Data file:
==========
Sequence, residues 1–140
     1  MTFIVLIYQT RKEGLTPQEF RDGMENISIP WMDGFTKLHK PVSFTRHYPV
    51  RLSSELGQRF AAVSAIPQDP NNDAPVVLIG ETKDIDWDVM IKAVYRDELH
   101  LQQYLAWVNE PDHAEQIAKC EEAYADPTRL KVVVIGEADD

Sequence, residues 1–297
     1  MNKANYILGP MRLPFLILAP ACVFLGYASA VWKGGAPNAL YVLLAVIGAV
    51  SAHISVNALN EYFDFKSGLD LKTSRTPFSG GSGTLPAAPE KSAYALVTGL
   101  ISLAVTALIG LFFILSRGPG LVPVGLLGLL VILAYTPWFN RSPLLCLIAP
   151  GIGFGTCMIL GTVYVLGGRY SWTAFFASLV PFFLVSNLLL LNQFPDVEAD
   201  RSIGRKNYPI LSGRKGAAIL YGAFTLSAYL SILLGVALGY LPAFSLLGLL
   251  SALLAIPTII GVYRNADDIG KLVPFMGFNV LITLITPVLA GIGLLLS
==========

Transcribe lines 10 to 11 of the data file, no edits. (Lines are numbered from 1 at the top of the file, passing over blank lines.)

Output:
   201  RSIGRKNYPI LSGRKGAAIL YGAFTLSAYL SILLGVALGY LPAFSLLGLL
   251  SALLAIPTII GVYRNADDIG KLVPFMGFNV LITLITPVLA GIGLLLS